Data protection risk 'growing at financial services companies'
16 January 2012
Posted by Samuel Couratin
The risk posed by mobile malware is becoming increasingly severe in the UK's financial services institutions, it has been claimed.
A new study by IDC Research has raised the issue of data protection for such companies and concluded that decision-makers pressing for innovative digital services are often being blocked by IT specialists concerned about security.
Carried out for Akamai Technologies, the investigation discovered a gap is widening between IT and business operations in the sector that is leading to "grave operational and security risks for mobile and online services".
Entitled 'New Threats Demand Innovative Responses', the report looks at the ongoing impact of the financial crisis on the industry and the need for it to safeguard data to ensure it meets customers' needs and retains their trust.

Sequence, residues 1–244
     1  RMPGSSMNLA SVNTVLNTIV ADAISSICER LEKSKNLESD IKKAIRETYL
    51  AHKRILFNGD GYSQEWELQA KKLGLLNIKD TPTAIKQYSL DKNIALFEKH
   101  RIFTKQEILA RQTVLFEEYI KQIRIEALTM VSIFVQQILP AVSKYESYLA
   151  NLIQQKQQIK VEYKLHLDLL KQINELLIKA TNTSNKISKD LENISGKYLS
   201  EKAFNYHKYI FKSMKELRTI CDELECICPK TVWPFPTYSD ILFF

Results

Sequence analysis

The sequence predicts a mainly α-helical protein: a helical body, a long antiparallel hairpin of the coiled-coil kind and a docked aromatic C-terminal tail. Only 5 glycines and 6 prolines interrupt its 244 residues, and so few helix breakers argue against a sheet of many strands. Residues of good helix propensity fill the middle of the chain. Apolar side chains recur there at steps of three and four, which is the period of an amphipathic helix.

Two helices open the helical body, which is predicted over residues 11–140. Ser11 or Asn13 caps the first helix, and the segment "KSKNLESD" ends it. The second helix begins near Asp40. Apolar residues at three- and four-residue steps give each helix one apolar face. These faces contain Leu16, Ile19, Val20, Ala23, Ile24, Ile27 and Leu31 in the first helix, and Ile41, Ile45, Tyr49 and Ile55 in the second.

"Having invested in the front-end of online and mobile banking … institutions need to review how they protect themselves and their customers from the ever-present threat of fraudulent activity," said Akamai Chief Strategist for Financial Services, Rich Bolstridge.
An article in the Wall Street Journal has highlighted the efforts that are being made by banks to combat cyber theft and enhance security.
According to sources quoted by the newspaper, many banks are collaborating to tackle threats as they increase online and are choosing to share information in order to do so.
Officials from leading Wall Street firms are due to meet with specialists from the Polytechnic Institute of New York University and discuss the potential creation of a new centre that will detect potential attacks on banking data, while Bank of America has been holding round table talks about possible solutions to such risks.
In related news, a hacker from Israel has launched a retaliation attack, releasing details relating to hundreds of credit card customers in Saudi Arabia.
The move comes after Saudi internet criminals published data linked to Israeli credit card holders and information posted on the web included phone numbers, names and email addresses.